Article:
How To Dual-Boot Two Or More Version Of Windows

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You can have two (or more) versions of Windows installed side-by-side on the same PC and choose between them at boot time. The process for creating a dual-boot system is similar no matter what operating system you’re dual-booting with. Follow the step by step procedure below to successfully dual boot two or more versions of Windows in your system.

Getting Started

Install the First Version of Windows: First install the version of Windows you want normally. You may want to use custom partitioning settings and leave free space available on your hard drive for the second version of Windows. If you already have a single Windows system installed on your computer then that is enough.

Make Room For the Second Version of Windows: You will need available hard drive space for the next version of Windows. If you have Windows installed, you can resize the partition. You could also insert a second hard drive into your computer (if it’s going to be a desktop) and install the second version of Windows to that hard drive.

Install the Second Version of Windows: Now install the second version of Windows. Ensure you choose the “Custom Install” option, not the “Upgrade” option. Install it alongside the previous version of Windows, in a different partition on the same disk or on a different physical disk.

You will then be able to choose which copy of Windows you want to boot at boot time, and you can access the files from each version of Windows on the other one.

Note: Typically, you should install the newer operating system last. For example, if you want to dual-boot Windows 7 and 10, install Windows 7 and then install Windows 10 second.

Installing The First Version Of Windows (If It’s Not Already Installed)

If you have Windows already installed then it’s fine, but if your are installing Windows fresh then you will want to choose the “Custom install” option when going through the installation wizard and create a smaller partition for Windows. Leave enough space for the other version of Windows (This means you won’t have to resize partitions later).

Shrinking Your Windows Partition

To make room for the second copy of Windows you will need to shrink your existing Windows partition. Basically, this involves booting the existing Windows system on your computer and opening the Disk Management tool. (Do this by pressing Windows Key + R, typing diskmgmt.msc into the Run dialog, and pressing Enter.) Right-click the Windows partition and select the “Shrink Volume” option. Shrink it to make enough space for the other Windows system.

Note: If you already have enough free space or you are installing the second copy of Windows to a different hard disk entirely and it has available space, you can skip this step.

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If you are using BitLocker encryption on your Windows system, you will first need to open the BitLocker Control Panel and click the “Suspend Protection” link next to the partition you want to resize. This will disable BitLocker encrpytion until you next reboot. Now you will be able to resize the partition successfully.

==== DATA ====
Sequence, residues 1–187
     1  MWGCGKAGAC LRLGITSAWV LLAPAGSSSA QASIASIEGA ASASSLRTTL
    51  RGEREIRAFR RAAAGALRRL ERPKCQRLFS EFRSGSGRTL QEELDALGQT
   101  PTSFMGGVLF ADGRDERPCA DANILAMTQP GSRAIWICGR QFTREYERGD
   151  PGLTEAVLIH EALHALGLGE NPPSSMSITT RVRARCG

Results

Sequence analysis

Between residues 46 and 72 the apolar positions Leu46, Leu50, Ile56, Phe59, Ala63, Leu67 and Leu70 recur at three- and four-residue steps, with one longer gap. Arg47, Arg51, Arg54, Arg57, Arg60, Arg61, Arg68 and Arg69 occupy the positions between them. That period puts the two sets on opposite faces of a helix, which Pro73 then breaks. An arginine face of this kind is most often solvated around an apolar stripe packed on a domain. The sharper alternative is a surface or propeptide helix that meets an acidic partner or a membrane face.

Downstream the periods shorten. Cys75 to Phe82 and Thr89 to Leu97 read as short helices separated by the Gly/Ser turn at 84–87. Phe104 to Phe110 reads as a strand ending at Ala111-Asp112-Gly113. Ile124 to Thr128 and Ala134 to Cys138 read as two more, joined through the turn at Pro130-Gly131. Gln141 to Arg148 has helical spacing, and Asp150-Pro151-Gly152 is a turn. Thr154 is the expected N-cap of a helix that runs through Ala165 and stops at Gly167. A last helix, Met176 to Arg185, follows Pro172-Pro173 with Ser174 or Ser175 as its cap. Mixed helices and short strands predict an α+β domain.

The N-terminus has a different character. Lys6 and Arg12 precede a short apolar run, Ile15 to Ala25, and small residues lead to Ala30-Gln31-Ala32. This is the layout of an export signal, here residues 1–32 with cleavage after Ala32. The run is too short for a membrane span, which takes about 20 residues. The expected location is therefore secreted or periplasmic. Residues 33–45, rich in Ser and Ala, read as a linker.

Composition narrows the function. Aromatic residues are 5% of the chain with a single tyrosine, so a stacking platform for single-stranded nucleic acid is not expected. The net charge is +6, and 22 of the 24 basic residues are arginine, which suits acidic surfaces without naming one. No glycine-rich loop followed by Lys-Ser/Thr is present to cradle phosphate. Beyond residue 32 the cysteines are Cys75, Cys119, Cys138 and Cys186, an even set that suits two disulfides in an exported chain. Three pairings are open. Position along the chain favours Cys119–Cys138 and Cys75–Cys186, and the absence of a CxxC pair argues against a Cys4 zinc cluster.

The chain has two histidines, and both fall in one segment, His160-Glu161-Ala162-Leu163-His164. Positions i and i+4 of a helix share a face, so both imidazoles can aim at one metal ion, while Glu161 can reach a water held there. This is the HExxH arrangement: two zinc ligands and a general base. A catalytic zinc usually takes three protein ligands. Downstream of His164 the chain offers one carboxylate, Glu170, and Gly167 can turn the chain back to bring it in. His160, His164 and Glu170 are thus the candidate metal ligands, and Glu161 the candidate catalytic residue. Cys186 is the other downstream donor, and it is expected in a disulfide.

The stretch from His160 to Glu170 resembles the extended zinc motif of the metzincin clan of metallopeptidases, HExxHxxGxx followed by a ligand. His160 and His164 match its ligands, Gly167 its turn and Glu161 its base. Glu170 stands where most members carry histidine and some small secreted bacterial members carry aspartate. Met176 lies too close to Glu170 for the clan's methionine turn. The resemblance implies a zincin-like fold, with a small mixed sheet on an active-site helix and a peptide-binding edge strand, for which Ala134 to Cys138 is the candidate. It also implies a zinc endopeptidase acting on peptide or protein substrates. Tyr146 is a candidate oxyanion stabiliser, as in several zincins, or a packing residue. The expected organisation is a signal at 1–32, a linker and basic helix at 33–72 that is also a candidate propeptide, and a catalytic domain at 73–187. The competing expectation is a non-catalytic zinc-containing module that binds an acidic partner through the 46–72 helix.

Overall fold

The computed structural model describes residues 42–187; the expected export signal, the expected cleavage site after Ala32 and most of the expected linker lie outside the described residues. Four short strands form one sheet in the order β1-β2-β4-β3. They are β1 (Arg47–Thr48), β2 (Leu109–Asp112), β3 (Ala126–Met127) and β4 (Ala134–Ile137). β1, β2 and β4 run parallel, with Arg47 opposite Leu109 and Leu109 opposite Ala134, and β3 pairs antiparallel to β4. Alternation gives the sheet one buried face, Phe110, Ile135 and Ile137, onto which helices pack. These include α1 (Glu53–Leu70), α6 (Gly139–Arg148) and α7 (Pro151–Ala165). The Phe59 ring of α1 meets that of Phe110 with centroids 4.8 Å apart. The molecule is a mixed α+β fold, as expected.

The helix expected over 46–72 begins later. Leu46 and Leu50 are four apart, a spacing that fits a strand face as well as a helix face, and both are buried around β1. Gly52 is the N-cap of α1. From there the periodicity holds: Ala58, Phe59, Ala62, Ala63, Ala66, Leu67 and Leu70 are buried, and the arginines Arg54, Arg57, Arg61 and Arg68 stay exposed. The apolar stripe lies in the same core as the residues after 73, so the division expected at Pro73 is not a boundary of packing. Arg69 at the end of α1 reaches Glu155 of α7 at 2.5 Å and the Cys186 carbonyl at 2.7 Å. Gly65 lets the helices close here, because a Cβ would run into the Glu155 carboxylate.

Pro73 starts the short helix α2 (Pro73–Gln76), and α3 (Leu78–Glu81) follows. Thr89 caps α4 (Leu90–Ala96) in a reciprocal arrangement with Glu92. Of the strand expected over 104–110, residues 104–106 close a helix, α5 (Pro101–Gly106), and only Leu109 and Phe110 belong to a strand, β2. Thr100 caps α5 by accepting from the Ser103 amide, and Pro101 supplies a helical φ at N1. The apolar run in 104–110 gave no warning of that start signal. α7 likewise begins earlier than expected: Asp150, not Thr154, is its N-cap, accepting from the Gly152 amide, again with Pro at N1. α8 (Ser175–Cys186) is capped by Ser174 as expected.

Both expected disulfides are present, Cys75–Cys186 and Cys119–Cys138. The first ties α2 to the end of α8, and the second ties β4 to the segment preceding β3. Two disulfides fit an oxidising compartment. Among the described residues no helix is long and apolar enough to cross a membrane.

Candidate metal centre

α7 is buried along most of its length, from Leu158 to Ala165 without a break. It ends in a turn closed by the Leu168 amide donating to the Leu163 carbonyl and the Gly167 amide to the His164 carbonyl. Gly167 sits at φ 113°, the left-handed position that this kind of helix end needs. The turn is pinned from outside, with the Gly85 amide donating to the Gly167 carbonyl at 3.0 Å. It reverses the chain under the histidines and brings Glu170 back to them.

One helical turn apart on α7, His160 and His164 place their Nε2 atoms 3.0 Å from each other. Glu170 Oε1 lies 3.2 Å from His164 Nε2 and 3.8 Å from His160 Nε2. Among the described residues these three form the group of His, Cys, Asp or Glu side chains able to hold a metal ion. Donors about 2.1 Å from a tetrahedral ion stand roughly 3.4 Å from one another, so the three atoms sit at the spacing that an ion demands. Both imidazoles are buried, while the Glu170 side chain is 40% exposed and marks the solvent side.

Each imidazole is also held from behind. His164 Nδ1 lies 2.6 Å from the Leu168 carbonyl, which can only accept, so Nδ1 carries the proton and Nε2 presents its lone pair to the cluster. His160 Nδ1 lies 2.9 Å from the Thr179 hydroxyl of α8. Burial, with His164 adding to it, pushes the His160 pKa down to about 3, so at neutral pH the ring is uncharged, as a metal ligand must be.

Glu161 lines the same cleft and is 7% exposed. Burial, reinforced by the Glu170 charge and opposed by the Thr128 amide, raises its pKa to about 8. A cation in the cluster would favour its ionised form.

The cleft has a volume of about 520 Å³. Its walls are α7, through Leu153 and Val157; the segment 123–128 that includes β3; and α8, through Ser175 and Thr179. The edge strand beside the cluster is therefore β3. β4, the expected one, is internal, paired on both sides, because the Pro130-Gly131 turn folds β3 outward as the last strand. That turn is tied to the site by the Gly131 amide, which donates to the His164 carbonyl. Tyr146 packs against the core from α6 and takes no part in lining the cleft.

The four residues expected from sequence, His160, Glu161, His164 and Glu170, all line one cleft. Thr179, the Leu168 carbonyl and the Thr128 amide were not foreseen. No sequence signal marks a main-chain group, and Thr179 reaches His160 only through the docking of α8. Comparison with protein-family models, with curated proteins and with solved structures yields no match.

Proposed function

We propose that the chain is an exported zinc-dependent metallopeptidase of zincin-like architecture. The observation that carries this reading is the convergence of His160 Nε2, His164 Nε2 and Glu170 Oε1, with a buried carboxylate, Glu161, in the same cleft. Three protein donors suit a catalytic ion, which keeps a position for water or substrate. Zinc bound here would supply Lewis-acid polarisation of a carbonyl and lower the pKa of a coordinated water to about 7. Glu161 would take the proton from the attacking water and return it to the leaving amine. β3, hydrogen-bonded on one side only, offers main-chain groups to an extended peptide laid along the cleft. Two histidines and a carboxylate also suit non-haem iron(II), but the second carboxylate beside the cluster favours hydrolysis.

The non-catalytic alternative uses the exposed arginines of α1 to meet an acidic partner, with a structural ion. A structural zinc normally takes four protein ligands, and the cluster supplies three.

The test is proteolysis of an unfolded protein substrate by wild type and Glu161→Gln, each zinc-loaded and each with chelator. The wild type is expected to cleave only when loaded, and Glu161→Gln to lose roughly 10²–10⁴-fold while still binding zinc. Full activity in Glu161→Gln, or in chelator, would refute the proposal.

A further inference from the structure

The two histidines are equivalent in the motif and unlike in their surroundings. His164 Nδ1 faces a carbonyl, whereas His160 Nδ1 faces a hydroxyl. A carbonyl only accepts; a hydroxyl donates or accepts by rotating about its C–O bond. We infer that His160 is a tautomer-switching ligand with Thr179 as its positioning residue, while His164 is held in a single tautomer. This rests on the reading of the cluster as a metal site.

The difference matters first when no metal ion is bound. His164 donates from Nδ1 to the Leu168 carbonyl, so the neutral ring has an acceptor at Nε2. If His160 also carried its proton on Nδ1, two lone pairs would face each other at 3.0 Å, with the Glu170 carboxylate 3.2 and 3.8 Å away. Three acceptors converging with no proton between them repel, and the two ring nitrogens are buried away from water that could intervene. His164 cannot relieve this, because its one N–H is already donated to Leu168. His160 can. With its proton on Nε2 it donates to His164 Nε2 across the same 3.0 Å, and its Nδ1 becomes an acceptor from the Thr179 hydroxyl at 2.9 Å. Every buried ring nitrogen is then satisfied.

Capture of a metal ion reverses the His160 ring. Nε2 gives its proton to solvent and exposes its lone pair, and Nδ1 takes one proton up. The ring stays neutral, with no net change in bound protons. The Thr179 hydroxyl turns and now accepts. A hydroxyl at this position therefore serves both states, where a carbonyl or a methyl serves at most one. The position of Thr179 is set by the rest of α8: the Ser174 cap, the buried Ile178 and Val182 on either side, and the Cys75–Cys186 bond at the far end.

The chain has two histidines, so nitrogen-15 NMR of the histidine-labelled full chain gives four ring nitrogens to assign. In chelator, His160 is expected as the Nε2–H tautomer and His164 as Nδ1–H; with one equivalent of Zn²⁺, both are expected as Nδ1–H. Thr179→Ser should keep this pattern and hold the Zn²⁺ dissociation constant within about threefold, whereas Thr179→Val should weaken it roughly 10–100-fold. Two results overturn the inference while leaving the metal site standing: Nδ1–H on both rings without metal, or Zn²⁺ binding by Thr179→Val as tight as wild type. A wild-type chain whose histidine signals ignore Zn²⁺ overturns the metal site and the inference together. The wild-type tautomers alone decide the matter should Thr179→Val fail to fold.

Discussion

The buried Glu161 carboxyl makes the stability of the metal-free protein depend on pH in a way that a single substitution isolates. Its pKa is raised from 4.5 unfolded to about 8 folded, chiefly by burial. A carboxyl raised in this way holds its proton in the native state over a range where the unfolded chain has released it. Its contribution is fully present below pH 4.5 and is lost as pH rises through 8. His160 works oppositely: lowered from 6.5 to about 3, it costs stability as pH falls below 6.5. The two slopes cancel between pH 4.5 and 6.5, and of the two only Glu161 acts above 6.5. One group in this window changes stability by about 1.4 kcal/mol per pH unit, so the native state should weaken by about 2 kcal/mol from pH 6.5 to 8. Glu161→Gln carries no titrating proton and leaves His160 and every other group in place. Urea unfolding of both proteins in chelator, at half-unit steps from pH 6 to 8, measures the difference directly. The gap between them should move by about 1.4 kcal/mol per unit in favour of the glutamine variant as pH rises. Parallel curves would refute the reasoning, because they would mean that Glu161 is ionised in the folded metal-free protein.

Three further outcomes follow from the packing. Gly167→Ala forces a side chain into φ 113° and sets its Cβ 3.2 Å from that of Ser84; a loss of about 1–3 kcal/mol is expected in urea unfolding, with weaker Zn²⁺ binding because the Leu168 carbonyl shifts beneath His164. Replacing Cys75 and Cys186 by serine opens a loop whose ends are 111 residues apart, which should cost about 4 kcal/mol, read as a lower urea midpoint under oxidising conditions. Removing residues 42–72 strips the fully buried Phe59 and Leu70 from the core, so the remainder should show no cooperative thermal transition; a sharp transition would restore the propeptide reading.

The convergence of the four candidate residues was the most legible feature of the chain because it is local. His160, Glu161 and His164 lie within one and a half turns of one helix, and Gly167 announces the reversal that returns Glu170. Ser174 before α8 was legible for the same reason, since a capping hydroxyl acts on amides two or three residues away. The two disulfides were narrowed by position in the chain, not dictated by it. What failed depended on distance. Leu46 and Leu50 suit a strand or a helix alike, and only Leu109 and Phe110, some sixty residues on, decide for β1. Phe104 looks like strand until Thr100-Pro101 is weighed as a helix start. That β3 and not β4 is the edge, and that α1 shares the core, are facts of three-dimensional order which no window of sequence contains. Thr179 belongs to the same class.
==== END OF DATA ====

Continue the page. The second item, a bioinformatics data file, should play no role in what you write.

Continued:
Installing The Second Version Of Windows

Now insert the installation media to install the second version of Windows and reboot your computer. Boot the installation media (CD or Pendrive) and go through the installer normally. When you see the “Upgrade” or “Custom install” option, select “Custom”.

Select the “unallocated space” and create a new partition on it. Tell Windows to install itself to this new partition. Be sure not to select the partition containing the version of Windows currently installed on your system (as two versions of Windows can’t be installed on the same partition).

When the installation is finished, you will see a boot menu every time you boot your computer. Use this menu to select the version of Windows you want to boot. Also you can customize the boot menu’s settings from within Windows itself. Open the Control Panel, click the System and Security option, click the System icon, and click Advanced System Settings at the left side of the window. Select the Advanced tab and click the Settings button under Startup & Recovery. You can choose the default operating system that boots automatically and select how long you have until it boots.

Note: If you want more operating systems installed, just install the additional operating systems on their own separate partitions.

 

 

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William Fieldhouse

I currently work full time as a penetration tester and have been involved within the IT security industry for over a decade. I also love to pioneer any forms of new technology and ideologies for future advancements. Feel free to contact me at [email protected]

William Fieldhouse

I currently work full time as a penetration tester and have been involved within the IT security industry for over a decade. I also love to pioneer any forms of new technology and ideologies for future advancements. Feel free to contact me at [email protected]

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